Today, you and I – along with several million other Irish people – will enter a voting booth, pick up a pencil and start X’ing.
In doing so, we’ll help seal the Fate of the Republic of Ireland for the next five years, and probably far beyond.
That is a daunting responsibility for all of us and we need to be clear and confident in what we do – for it is not only for whom we give our X but the very action in doing so that could have momentous repercussions. As has been proven scientifically, actions and words have a multiple energy far beyond the effect on the person taking the action or saying a word or phrase.
Without going into further details here, my advice is to be aware of the incredible power you possess that is yours and yours only.
Back to the national elections and one particular influence playing you.
‘Established media,’ no matter the country, holds a certain view about social development. Having been in turn, reporter, editor, publisher and journalism professor for over 30 years, I suppose I could easily be lumped in under this heading. I hope not, for the term refers to those media, usually right of left to varying degrees in their political thinking, which support the status quo, regardless of whom is in power nor the far-reaching consequences of that entity staying in power.
Inevitability it’s because members of the ‘established media’ have well-paying jobs they want to protect at all costs, ones that provide them with hefty salaries, thick expenses and a handsome pension at the end of it all. Change, they feel, means uncertainty. Perhaps, their jobs lost. After all, they are elites and the fall could be a mighty one.
That’s why it is key for us voters to be aware of these factors when we read newspapers, watch TV or listen to radio – especially media supported directly or indirectly by big business (Denis O’Brien at Independent Newspapers) or government (RTE). Health warning: don’t be unduly influenced.
I have been fortunate not only to have spent my media career in both broadcast and print (newspapers and magazines) but also in different countries including Ireland, north and south, the US and mainland Europe, so have gained a broader perspective than if I had stayed in my native Belfast.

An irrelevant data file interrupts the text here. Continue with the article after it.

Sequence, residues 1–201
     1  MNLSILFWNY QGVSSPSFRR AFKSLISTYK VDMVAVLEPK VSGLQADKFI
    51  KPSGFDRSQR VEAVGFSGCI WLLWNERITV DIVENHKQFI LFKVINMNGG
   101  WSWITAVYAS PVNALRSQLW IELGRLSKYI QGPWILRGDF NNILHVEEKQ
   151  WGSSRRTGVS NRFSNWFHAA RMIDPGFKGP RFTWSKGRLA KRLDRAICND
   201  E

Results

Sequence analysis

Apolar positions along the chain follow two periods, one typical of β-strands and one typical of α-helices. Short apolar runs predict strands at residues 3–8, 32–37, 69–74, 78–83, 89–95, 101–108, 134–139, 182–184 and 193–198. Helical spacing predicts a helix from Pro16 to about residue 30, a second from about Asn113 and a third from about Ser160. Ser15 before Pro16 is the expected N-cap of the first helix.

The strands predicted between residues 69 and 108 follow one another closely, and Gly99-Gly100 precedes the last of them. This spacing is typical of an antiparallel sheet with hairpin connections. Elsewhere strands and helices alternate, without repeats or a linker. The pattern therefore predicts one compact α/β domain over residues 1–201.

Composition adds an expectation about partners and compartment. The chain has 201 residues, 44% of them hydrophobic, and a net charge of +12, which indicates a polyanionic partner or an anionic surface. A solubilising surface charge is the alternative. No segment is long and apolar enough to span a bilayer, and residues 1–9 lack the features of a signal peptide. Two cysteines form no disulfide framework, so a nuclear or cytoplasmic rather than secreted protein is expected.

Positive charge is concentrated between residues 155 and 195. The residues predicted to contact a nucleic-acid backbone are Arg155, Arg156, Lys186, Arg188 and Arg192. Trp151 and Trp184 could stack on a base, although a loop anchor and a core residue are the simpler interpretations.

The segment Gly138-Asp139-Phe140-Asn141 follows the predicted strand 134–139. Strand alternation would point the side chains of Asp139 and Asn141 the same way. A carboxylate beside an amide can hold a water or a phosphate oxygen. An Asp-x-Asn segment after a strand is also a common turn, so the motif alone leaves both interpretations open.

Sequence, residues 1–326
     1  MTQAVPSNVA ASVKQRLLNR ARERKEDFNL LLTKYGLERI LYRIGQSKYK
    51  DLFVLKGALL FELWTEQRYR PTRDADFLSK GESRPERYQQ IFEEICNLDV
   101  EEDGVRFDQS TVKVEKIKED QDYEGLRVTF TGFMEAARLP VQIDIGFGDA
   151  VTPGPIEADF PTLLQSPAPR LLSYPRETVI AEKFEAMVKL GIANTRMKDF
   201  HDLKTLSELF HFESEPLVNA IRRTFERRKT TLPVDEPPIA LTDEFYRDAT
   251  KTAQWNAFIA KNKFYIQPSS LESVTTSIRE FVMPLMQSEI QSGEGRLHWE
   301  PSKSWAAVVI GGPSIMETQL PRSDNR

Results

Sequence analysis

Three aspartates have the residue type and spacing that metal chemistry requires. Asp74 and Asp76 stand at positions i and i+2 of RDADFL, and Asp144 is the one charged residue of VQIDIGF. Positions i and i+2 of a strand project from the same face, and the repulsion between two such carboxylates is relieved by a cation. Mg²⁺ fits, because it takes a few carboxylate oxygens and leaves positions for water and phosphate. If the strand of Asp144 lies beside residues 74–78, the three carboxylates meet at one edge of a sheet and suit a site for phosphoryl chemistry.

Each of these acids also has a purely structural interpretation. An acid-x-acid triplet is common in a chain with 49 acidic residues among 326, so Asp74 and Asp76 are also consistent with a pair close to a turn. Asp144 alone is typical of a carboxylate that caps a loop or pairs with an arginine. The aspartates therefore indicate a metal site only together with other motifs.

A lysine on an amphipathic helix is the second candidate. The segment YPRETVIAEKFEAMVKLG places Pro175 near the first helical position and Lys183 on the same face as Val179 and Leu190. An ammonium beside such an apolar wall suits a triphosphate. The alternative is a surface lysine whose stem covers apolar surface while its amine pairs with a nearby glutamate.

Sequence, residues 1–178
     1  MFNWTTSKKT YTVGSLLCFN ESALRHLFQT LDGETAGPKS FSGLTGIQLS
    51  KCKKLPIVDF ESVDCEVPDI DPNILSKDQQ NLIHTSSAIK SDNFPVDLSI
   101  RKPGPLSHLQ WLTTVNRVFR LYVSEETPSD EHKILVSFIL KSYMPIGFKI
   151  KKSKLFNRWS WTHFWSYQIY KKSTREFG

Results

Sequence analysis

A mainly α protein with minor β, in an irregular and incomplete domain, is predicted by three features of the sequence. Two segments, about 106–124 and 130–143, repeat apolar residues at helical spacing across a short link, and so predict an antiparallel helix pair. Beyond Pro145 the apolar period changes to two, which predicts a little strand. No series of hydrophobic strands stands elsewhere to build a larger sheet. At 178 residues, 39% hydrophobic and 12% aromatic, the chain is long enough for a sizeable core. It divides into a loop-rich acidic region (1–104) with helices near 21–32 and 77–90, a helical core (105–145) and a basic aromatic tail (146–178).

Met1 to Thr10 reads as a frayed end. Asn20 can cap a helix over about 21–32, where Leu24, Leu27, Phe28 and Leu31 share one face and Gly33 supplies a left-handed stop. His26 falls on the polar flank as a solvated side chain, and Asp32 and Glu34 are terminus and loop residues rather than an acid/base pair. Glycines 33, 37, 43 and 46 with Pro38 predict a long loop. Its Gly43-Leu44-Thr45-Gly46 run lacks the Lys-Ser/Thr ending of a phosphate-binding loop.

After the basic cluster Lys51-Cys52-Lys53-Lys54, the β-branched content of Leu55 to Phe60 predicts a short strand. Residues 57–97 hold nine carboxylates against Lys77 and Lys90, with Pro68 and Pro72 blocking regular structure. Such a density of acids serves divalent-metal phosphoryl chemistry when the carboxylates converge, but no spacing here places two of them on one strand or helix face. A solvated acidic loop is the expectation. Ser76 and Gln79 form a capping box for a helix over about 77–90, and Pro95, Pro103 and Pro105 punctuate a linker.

As such, while abroad, I was shocked to learn that the entire body of ‘established Irish media’ failed utterly to warn ordinary folk of the economic bubble that burst upon them, a bubble as we know, created by crooked bankers, crooked developers, inept regulators, all caricatured by Fianna Fail’s infamous ‘Galway tent.’
From my standpoint, removed for so many years from journalism in Ireland, the cozy relationship between big Irish media and big Irish business was, and is, so obvious, with some few exceptions, sometimes (such The Irish Times columnists, Fintan O’Toole and Diarmaid Ferriter).
RTE’s Leaders Debate – an exercise in maintaining Right powerTake, for example, the ‘Leaders Debate’ on RTE earlier this week. My view: Miriam O’Callaghan’s performance was biased and amateurish, certainly compared to Claire Byrne in the previous debate. O’Callaghan read at times so automaton-like from her prepared script while attempting to stamp her ‘established media’ credentials on the final outcome.
Did you notice how, having mentioned the widespread cronyism that has gone on under the tutelages of Fine Gael, Fianna Fail and Labour (hard to avoid), she then turned to Gerry Adams – who, not having ever been Taoiseach or a Government Minister here, couldn’t be accused of cronyism. But that didn’t stop O’Callaghan, citing, unfairly, two particular persons, Bobby Storey and Danny Morrison. Her inaccurate accusation of Morrison being a felon was so reckless and willful an attack that it could well lead to a major lawsuit for which, rightly, RTE should pay generous compensation. Morrison was long ago cleared of all charges in the case the British state brought against him and RTE’s researchers should have been well aware of that.